More to the point, Mitt Romney’s “dog problem” resonates with people because it relates directly to his overall image problem — Mitt is an out of touch rich boy who’s way richer than most other rich boys and he doesn’t understand even the basics of everyday life, let alone how to relate to regular people.

To put it another way… the Republican Party’s attempt to out-meme the Romney “dog problem” with this tale of six year old Barry Hussein and their #obamadogrecipes twitter hashtag is as relevant to today’s debate as is the absolute and undeniable fact that Mitt Romney killed a woman.

Yes, that’s right. Mitt Romney killed a woman.

Forget your epicurean twit-jokes. #RomneyMuderAlibi is where the real fun is at, if serious reporters and political commentators want to take these two men and their youth and facts totally out of their control and make funny haha jokes about them.

Bonnie And Clyde by Serge Gainsbourg & Brigitte Bardot on Grooveshark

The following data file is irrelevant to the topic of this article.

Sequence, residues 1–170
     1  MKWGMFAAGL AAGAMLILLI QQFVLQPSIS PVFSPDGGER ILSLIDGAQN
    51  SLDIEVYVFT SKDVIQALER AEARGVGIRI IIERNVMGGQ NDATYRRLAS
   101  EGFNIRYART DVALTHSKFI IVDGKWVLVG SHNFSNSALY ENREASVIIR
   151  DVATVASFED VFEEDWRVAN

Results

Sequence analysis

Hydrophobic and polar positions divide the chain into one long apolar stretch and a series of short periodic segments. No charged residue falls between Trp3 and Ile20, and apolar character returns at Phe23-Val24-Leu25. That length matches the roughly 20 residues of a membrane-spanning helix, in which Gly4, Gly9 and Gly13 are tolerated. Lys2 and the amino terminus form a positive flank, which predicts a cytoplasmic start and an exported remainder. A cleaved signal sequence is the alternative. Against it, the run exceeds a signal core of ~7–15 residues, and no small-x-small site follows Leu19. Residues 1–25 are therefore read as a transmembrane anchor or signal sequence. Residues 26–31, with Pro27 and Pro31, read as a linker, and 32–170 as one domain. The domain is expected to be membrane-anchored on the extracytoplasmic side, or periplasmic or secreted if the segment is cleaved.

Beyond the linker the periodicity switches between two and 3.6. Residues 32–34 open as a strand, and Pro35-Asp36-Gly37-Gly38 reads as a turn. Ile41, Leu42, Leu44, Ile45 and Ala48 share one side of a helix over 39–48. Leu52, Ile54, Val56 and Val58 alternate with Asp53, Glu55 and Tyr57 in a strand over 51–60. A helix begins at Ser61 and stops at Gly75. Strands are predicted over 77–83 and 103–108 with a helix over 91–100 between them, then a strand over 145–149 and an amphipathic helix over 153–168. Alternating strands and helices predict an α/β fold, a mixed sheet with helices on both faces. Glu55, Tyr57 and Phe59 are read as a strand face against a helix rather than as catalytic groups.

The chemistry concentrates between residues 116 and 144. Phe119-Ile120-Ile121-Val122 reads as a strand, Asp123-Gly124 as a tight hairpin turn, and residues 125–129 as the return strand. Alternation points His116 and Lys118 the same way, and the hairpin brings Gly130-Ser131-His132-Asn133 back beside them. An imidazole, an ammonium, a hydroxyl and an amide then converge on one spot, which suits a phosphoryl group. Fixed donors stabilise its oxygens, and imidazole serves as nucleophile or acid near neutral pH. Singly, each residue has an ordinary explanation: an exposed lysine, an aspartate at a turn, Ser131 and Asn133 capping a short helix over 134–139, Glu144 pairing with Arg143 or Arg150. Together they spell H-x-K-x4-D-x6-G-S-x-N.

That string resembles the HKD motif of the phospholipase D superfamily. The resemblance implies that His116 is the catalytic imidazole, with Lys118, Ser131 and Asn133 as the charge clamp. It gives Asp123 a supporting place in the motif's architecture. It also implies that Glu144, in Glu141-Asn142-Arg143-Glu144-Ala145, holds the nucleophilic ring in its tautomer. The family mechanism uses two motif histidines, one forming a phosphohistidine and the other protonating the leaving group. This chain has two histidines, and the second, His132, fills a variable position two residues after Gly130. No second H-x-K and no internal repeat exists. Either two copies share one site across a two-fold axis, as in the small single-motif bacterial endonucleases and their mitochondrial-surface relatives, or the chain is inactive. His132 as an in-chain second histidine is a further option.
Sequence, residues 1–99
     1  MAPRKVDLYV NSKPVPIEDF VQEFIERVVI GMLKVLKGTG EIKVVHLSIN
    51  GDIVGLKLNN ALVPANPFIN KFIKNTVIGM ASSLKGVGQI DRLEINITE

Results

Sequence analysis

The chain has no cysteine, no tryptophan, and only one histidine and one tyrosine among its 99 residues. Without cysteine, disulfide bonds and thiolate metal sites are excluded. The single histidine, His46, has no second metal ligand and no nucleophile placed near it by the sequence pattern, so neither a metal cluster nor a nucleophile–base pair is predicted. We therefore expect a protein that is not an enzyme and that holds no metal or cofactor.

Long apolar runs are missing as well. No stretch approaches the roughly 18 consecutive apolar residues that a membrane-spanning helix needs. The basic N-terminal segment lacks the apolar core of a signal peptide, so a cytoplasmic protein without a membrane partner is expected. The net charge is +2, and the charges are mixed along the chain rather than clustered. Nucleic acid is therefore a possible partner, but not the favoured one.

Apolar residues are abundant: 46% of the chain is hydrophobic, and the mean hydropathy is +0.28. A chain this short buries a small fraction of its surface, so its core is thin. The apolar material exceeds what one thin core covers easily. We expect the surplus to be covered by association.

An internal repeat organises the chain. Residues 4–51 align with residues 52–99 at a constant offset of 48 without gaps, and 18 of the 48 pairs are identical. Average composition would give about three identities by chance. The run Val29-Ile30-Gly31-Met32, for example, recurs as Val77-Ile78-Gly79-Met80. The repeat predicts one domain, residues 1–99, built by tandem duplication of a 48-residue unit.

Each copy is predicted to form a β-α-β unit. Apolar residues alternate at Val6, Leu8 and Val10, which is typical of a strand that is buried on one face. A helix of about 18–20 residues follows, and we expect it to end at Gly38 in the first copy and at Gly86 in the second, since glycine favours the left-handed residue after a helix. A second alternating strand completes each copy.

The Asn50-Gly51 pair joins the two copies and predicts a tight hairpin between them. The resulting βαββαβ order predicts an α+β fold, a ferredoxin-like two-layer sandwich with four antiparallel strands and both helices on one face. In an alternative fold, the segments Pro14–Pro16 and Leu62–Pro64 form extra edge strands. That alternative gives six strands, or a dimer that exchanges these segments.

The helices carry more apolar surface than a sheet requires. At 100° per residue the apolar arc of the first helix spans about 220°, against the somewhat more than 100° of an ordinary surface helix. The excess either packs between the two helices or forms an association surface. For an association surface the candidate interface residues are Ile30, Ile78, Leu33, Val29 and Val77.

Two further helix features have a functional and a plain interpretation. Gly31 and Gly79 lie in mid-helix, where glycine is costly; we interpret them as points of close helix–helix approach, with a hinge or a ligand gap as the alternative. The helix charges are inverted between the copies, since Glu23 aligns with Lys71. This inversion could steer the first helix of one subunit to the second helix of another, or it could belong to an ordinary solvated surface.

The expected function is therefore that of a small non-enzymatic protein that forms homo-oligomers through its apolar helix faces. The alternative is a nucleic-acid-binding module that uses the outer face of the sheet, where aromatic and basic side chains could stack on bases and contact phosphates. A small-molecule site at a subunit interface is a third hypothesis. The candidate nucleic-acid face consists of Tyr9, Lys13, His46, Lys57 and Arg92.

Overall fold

Read it and weep:

Survivors recall tragic car crash in France with Romney

By Michael Paulson
Published: Sunday, June 24, 2007

BERNOS-BEAULAC, France — The mission car was packed that day.

The president of the Mormon mission to France, H. Duane Anderson, was eager to get out to visit congregations after a difficult May in which travel in France had been severely limited because a general strike had caused a gasoline shortage.

A dispute had developed in the small Mormon congregation in Pau, in southern France, and Anderson thought he should pay a call. So he took his wife and two missionaries along, and on the way they picked up a French Mormon couple in Bordeaux.